?If there is a blockage, we are able to quickly switch the conveyors off from the central control centre, or via the pull-wire safety stops that run alongside the length of each conveyor,? said Dean. ?Importantly, the SEW Eurodrive geared motors have an impressive duty cycle. We are able to turn them on and off frequently, and have them still come up to speed and torque quickly.?

Safety is a primary consideration across all of Alex Fraser Group?s sites and operations. As a result, all of the geared motors used on the conveyors at the new concrete recycling facility feature direct-coupled geared motor/shaft arrangements. Previously, v-belt to gear box arrangements were employed on-site, which presented some safety issues, such as extra guarding and maintenance requirements.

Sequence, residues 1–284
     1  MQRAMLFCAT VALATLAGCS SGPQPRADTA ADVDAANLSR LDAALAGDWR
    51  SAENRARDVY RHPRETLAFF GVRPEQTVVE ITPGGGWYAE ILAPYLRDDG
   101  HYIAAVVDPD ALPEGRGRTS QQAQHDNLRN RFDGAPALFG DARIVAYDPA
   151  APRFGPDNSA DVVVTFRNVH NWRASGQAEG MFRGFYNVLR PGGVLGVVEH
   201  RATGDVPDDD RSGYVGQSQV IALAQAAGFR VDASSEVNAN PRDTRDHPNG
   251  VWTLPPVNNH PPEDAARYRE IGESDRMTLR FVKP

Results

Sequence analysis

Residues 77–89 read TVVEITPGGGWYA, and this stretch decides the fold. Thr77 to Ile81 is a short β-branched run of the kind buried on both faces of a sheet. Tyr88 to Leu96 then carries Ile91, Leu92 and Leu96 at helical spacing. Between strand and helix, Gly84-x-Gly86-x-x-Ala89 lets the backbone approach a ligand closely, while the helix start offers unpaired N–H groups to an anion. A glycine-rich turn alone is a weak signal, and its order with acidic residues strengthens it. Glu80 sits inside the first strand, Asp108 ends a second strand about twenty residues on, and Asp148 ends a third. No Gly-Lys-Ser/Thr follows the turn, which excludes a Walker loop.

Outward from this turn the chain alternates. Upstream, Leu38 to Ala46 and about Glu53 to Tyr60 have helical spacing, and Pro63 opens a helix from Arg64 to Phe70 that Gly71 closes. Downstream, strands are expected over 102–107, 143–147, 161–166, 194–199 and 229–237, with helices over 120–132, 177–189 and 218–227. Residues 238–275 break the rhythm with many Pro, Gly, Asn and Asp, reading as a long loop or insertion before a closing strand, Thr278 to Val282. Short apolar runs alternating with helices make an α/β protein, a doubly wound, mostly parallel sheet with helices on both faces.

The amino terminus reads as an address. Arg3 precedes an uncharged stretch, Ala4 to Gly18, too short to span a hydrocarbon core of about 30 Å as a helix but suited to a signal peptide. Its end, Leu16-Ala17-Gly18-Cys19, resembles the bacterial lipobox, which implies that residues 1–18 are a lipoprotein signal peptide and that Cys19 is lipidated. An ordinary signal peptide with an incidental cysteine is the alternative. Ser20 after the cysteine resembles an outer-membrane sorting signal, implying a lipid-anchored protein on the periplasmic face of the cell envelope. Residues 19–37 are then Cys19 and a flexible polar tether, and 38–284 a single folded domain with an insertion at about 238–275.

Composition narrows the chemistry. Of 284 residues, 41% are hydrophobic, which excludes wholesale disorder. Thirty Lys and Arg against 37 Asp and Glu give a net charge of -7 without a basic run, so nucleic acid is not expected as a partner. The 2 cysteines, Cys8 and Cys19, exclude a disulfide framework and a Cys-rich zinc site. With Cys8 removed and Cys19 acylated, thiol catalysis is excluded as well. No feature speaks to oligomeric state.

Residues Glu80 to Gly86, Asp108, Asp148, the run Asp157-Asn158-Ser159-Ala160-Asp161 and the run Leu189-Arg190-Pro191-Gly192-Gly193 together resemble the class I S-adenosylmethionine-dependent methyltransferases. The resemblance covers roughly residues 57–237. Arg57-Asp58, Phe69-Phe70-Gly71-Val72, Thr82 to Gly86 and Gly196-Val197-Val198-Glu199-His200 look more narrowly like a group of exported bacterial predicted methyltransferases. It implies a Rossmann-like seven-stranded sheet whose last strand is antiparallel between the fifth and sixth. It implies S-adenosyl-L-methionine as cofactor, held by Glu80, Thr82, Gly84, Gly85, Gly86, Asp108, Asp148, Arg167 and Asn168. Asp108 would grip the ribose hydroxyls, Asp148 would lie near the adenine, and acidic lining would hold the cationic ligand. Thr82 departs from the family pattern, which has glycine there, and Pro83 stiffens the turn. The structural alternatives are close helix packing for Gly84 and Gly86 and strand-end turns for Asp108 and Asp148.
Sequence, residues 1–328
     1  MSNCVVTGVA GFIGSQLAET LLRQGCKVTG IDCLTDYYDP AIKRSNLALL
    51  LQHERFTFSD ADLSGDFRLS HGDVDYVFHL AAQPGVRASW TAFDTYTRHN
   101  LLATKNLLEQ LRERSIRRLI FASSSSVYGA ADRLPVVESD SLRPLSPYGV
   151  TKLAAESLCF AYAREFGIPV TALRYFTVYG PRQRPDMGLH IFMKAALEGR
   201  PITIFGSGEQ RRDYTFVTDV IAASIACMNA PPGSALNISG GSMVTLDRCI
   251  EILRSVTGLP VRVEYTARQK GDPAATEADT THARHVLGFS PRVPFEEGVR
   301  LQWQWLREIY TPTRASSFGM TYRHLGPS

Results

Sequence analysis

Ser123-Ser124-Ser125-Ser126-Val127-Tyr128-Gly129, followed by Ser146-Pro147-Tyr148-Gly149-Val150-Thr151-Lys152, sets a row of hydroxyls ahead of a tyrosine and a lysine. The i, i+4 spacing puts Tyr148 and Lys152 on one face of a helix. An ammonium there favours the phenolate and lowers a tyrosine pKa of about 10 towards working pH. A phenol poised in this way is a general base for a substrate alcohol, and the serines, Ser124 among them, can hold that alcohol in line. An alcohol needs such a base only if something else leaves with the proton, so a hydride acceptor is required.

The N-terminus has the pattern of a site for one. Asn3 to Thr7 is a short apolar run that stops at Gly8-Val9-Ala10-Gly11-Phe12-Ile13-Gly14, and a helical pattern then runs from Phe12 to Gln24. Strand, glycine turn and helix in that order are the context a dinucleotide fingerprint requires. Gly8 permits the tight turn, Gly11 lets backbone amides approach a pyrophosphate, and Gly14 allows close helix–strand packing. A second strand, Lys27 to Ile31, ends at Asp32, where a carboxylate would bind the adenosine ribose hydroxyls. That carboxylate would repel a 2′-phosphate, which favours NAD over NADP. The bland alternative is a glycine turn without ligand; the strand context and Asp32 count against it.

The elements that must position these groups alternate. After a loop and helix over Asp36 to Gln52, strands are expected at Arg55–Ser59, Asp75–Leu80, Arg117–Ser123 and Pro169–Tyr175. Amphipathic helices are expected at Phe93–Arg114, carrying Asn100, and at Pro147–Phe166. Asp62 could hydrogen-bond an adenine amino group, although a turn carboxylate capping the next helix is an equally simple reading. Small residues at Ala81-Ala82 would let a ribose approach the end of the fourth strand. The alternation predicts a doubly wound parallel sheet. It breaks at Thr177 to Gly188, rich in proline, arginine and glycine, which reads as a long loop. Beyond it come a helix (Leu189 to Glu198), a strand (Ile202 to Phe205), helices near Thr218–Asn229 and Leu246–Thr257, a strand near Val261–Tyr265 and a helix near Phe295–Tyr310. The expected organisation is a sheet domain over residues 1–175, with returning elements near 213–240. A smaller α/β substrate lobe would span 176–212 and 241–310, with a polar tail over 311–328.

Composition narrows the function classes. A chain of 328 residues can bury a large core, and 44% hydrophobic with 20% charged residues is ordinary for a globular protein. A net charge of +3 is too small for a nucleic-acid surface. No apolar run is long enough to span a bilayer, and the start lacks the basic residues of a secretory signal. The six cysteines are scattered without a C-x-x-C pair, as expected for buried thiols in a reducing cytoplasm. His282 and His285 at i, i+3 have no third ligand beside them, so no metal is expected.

?By direct coupling, we can avoid this,? said Dean Walsh. ?However, in the past, we?ve shied away from direct-coupling gearboxes. In a corrosive environment, it is very hard, and often impossible, to remove the gearbox from the shaft. In fact, once it?s time to take them off the shaft, it?s not uncommon to have to cut them off with a gas axe. We knew there had to be a better way.?

SEW Eurodrive?s TorqLOC keyless hollow shaft mounting system presented the ideal solution for direct-coupling the geared motors on to the conveyor shafts. The TorqLOC system provides a keyless connection with a shrink-disc, with the interfacing surfaces relying on two conical tapered bushings, made from bronze and nickel-plated steel (or stainless steel).